Kyrgyzstan’s pro-Russia President Sooronbay Jeenbekov has not been seen in public since unrest began over Sunday’s vote
The whereabouts of Kyrgyzstan’s pro-Russia President were unknown on October 8 as a power vacuum persisted after disputed parliamentary elections plunged the Central Asian country into a new bout of political chaos.
Sooronbay Jeenbekov has not been seen in public since unrest began over Sunday’s vote which was won by his supporters but opponents as well as monitors said was marred by widespread vote-buying.
Clashes have already left at least one dead and hundreds injured, with a decision to annul the results of the polls doing little to ease the tensions.
The crisis is the latest political turbulence to sweep through the volatile ex-Soviet state bordering China which has seen two revolutions and three of its Presidents either jailed or sent into exile since independence.
Mr. Jeenbekov has called for a return to a rule of law, but several lawmakers in the Parliament have said that there is no way to solve the growing impasse without his resignation or impeachment.
As of October 8, candidates from self-styled opposition parties claimed to control the state prosecutor’s office, the national security committee and the Interior Ministry.
Kursan Asanov, who has positioned himself as acting Interior Minister, said that Mr. Jeenbekov’s location was “unknown” but added that police were not searching for the Head of State.
The government-appointed Interior Minister Kashkar Junushaliyev, a rival of Mr. Asanov, had “fled like a coward” when the unrest began, Mr. Asanov claimed, without offering proof.
Mr. Asanov also pledged to ensure there would be no repeat of ethnic violence that left hundreds dead following an uprising in 2010. But there was no visible police presence outside key government buildings in the capital Bishkek on October 8.
Mr. Jeenbekov’s office insisted in a statement that the incumbent President was in Bishkek and “personally in talks with political forces”. Yet Mr. Jeenbekov has made no public appearances since the unrest started.
Confusion over PM
Mr. Jeenbekov is believed to enjoy the support of key ally Russia, which has called for a return to stability in the republic and beefed up security at a military base it maintains not far from the capital.
He has ruled Kyrgyzstan since 2017.
Kremlin spokesman Dmitry Peskov told reporters in Moscow that Russia was “deeply concerned” about a “situation resembling a mess and chaos”. But he said it was premature to discuss whether Mr. Jeenbekov should be offered refuge in Russia.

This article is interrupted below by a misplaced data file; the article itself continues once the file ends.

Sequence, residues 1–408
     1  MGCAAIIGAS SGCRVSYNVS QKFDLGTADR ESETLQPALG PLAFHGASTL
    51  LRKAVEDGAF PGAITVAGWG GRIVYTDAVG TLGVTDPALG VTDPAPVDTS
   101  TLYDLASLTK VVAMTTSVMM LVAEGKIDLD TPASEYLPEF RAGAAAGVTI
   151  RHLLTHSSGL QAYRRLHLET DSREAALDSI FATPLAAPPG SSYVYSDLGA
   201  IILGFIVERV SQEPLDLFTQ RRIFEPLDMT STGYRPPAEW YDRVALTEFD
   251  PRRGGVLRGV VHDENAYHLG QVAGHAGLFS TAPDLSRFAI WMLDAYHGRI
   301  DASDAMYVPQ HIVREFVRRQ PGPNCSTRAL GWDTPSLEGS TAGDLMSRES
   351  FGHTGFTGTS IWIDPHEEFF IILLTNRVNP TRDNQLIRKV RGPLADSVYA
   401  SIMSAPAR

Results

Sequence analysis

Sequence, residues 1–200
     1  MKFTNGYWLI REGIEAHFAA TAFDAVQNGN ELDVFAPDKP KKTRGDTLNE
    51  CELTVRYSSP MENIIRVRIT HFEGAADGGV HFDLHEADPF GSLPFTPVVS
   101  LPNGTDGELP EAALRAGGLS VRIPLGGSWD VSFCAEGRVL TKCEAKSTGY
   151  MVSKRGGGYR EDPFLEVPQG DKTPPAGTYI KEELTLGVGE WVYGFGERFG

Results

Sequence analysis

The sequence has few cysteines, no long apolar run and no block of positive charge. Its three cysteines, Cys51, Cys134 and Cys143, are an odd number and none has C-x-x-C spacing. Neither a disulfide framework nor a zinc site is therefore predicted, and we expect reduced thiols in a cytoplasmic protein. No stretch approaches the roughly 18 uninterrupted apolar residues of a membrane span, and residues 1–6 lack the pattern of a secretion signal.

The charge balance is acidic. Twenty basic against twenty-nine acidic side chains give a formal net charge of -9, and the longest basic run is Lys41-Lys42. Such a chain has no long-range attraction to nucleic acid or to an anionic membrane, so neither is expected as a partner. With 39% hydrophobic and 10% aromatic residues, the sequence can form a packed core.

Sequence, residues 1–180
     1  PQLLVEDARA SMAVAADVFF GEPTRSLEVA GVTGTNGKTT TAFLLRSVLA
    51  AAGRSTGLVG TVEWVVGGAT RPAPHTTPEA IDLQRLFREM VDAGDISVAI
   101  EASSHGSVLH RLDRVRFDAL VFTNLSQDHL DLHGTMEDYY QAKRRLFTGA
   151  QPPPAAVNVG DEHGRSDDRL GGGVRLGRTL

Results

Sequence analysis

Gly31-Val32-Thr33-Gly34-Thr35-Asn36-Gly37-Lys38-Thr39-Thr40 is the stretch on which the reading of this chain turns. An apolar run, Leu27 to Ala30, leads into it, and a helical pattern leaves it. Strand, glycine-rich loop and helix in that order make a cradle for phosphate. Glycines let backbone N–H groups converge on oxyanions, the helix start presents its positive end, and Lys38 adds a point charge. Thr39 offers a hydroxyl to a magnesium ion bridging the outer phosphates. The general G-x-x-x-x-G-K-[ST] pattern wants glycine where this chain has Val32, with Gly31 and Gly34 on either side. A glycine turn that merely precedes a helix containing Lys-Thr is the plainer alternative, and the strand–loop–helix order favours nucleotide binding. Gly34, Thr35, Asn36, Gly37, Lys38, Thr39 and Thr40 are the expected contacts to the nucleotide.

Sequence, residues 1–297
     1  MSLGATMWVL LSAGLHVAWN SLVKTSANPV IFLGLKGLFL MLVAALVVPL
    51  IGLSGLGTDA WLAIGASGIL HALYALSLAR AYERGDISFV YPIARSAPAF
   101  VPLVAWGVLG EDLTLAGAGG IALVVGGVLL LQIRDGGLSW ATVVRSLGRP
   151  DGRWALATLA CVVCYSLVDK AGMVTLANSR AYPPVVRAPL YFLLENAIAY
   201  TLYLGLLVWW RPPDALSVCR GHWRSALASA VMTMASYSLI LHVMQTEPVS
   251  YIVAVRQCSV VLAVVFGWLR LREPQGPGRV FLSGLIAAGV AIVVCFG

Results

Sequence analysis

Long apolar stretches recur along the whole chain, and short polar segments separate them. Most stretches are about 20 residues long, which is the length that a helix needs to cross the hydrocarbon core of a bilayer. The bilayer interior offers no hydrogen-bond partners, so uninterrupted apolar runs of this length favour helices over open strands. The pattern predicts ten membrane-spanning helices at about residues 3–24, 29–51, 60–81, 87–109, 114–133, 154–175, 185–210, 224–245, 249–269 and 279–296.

A meeting of Kyrgyz lawmakers on October 7 night was seen failing to resolve the deadlock, with no majority for impeachment.
Confrontations between groups of supporters in Bishkek have continued as rival groups contest the Prime Minister position.
Sadyr Japarov, a populist politician claimed the position on October 6 following an extraordinary session of Parliament, as hundreds of his supporters flooded into the capital.
But at least two other groups — one consisting of several losing parties — have since put forward their own candidates for the post.
A parliamentary press spokesman told AFP that “around 70 lawmakers” — a majority of the Parliament, had voted for Mr. Japarov as Prime Minister. Many observers have cast doubt over the legitimacy of the vote, which took place in a three-star hotel.
Mr. Japarov, a headstrong nationalist known for his opposition to the company operating Kyrgyzstan’s largest gold mine, was freed from jail by protesters during a tumultuous night of unrest on Monday that also saw former President Almazbek Atambayev released.
His supporters attempted to enter the building housing the Prime Minister’s on office on Wednesday night, but its doors were guarded by a 500-strong voluntary defence unit, who formed a human chain until the supporters dispersed, eyewitness told AFP.
Politically neutral voluntary defence units also control the building where Mr. Jeenbekov’s administration and the Parliament are housed, which was seized by protesters in the early hours of Tuesday.
It was not clear whether Mr. Jeenbekov had signed off on the Tuesday resignation of outgoing Prime Minister Kubatbek Boronov or Mr. Japarov’s candidacy.
Other Ministers, however, appeared to remain in their position as they held an online meeting to discuss rising coronavirus cases amid other items of government.
Health Minister Sabyrzhan Abdykarimov warned at a press conference that the proliferation of rallies — many involving citizens who arrived from the provinces — could cause a spike in new cases and called on citizens to wear masks and observe distance.